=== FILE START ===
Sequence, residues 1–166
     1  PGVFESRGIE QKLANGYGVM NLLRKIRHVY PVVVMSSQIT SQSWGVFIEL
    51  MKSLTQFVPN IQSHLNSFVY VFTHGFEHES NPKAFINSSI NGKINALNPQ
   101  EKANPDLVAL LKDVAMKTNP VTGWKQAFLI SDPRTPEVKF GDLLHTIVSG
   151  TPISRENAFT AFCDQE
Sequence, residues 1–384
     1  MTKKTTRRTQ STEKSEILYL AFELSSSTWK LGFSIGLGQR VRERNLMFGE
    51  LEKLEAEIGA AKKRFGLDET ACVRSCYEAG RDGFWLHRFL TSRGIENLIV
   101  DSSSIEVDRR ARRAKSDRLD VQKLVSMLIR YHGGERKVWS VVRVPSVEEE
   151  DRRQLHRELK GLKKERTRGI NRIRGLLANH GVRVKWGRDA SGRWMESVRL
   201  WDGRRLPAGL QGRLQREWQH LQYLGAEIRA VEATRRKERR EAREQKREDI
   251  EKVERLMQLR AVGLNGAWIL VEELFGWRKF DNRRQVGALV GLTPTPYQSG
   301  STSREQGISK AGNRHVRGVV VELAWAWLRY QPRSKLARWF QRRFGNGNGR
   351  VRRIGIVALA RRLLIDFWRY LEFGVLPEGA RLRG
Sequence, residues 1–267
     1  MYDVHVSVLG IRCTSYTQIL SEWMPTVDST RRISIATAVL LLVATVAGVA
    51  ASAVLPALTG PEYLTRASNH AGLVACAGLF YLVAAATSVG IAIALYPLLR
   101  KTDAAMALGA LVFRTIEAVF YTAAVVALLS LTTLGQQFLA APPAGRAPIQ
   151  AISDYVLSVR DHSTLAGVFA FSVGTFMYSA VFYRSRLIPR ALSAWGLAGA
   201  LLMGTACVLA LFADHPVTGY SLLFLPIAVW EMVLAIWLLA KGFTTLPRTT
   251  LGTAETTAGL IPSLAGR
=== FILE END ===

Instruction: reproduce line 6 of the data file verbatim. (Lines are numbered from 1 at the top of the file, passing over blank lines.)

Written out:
Sequence, residues 1–384